Today, 8 July 2020, the Supreme Court decided two cases, both by a seven to two vote, involving the impact of religion in employment. First, the Supreme Court clarified the applicability of the ‘Ministerial Exemption’ (exempting the employment relationship between ministers and their employers from anti-discrimination laws) for religious organisations, including religious schools, from the federal anti-discrimination laws. Second, the Supreme Court upheld as valid two Trump Administration interim rules providing that employers who have sincerely held religious beliefs or moral objections against providing insurance coverage or payments for contraceptive services cannot be required to provide such coverage or payments.
Applicability of the ‘Ministerial Exception’
In Our Lady of Guadalupe School v. Morrissey-Berru (‘OLG’) the Court clarified the scope and applicability of the ‘Ministerial Exception’ previously recognised by the Court in Hosanna-Tabor Evangelical Lutheran Church and School v. EEOC, 565 U.S. 171 (2012). The Court determined that the four factors examined in Hosanna-Tabor were not a rigid test and that there was sufficient evidence in the record to conclude that the plaintiffs both performed vital religious duties that triggered Hosanna-Tabor’s limitation on judicial interference on employment decisions of a religious nature.
In the two underlying cases that were consolidated before the Supreme Court, the two plaintiffs were educators in Catholic elementary schools. As part of their employment, both teachers signed employment agreements that expressly stated that their role was to promote the religious mission of the school and received employee handbooks that stated the same. The teachers’ employment agreements were not renewed, and they each filed Charges of Discrimination with the U.S. Equal Employment Opportunity Commission (EEOC), one under the Age Discrimination in Employment Act (ADEA) and the other under the Americans with Disabilities Act (ADA). The District Court granted summary judgment to the schools applying the Ministerial Exception. The Ninth Circuit Court of Appeals reversed, holding the Ministerial Exception did not apply because the schools did not satisfy the four factors identified in Hosanna-Tabor.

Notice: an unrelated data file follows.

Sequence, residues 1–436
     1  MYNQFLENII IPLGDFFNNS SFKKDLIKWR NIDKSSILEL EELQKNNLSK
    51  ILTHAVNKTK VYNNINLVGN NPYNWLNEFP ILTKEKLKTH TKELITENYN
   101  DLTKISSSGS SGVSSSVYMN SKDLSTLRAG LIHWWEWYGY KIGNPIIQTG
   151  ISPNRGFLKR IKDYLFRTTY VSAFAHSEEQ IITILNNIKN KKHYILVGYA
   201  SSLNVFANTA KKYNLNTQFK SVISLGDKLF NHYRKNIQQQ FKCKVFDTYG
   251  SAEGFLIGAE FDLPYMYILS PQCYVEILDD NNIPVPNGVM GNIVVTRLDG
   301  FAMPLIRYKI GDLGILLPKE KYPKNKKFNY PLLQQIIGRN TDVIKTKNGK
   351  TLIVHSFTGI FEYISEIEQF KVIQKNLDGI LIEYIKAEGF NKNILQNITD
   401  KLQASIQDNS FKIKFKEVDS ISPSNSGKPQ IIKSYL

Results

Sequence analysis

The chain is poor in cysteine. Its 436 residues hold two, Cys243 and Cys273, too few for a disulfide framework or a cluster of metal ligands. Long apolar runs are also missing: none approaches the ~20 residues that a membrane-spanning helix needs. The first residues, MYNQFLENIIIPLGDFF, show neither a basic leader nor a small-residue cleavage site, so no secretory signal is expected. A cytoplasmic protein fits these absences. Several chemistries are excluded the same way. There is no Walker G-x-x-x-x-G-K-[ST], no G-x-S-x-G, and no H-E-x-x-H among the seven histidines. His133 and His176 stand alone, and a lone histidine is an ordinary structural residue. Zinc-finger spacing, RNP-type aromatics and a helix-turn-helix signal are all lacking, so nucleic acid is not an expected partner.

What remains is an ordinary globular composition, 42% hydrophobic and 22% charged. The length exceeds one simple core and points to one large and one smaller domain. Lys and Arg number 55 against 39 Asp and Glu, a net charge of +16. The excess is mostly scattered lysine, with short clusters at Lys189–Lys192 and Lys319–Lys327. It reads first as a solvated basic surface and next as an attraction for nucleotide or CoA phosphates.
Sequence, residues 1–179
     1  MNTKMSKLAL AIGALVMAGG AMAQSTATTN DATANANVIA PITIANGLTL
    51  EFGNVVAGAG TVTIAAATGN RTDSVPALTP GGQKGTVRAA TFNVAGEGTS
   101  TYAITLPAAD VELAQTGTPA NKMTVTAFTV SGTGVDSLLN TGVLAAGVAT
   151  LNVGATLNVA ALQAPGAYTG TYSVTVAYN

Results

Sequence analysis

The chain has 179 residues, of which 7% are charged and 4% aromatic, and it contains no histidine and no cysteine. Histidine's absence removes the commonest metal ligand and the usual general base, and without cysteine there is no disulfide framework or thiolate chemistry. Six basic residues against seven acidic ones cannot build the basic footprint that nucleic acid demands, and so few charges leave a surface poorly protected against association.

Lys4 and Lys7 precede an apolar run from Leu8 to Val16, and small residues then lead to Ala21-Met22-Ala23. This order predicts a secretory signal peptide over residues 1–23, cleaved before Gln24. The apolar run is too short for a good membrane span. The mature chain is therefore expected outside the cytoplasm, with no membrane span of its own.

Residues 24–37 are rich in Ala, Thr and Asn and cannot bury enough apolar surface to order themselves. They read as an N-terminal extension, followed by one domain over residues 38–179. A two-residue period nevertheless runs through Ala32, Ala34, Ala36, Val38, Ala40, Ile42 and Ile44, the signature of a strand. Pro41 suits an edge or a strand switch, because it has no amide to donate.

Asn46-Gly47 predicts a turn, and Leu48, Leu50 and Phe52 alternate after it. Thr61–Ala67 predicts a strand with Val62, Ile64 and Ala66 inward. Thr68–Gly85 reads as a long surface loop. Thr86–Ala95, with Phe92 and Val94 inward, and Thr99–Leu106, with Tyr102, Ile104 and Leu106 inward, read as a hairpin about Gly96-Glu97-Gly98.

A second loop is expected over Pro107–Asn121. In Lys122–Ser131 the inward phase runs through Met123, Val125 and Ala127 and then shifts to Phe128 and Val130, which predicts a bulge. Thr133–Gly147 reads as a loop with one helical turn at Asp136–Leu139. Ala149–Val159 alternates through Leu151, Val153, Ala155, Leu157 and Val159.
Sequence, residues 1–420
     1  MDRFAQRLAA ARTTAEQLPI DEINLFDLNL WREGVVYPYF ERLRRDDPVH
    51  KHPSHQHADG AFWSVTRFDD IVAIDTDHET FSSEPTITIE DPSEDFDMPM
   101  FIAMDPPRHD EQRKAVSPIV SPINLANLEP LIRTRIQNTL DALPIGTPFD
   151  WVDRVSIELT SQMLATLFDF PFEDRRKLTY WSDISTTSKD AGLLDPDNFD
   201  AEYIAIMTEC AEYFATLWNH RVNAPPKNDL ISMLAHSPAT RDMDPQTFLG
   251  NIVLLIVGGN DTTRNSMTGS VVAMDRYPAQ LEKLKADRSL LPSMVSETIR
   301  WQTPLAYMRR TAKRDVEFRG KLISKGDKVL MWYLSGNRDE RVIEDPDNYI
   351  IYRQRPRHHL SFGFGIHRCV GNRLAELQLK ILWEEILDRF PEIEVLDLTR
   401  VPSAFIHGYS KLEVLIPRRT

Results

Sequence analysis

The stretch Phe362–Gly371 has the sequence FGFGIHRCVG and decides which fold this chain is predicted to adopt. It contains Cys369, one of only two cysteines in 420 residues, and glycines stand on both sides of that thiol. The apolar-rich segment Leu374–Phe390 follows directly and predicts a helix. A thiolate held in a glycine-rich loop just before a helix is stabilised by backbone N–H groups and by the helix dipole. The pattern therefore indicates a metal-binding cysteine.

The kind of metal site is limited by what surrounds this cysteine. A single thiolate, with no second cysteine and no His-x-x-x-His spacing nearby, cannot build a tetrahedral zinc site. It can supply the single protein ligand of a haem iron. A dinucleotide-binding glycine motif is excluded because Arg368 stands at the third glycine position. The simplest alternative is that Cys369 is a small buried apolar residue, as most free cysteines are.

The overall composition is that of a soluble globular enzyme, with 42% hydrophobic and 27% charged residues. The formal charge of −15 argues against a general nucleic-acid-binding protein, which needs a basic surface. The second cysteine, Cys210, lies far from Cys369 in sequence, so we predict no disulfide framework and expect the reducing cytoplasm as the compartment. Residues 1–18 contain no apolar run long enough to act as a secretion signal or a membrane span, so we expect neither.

The Supreme Court noted that the underpinning for the Ministerial Exception rests on ‘the general principle of church autonomy to which we have already referred: independence in matters of faith and doctrine and in closely linked matters of internal government.’ OLG, At 12. In Hosanna-Tabor, the Court declined ‘to adopt a rigid formula for deciding when an employee qualifies as a minister’ but identified four relevant circumstances. The Court in Hosanna-Tabor was silent as to the manner in which the four factors should be analysed or given any particular weight.
The four factors identified were:
In OLG, the Court boiled down the four factors to a critical underlying question: what is the role of the individual in conveying the Church’s message and carrying out its mission? The Court further elucidated that the other factors simply help ‘shed light on that connection.’ The inquiry must focus on what the employee in question actually does and whether the functions are in furtherance of conveying the Church’s message and carrying out its mission.
It is premature to determine the full practical impact of the Court’s decision. It will likely allow religious organisations to assert the Ministerial Exception as a defence and to seek dismissal early in litigation. However, the Court’s decision also indicates that the determination of whether the Ministerial Exception applies is fact-specific to the particular circumstances involved to ascertain whether the individual’s role is conveying the Church’s message and carrying out its mission. Religious organisations may consider reevaluating their personnel documents to ensure that when applicable they adequately memorialise that the role of the employee is to further the mission of the Church and to include specific expectations about how employees will facilitate the religious mission.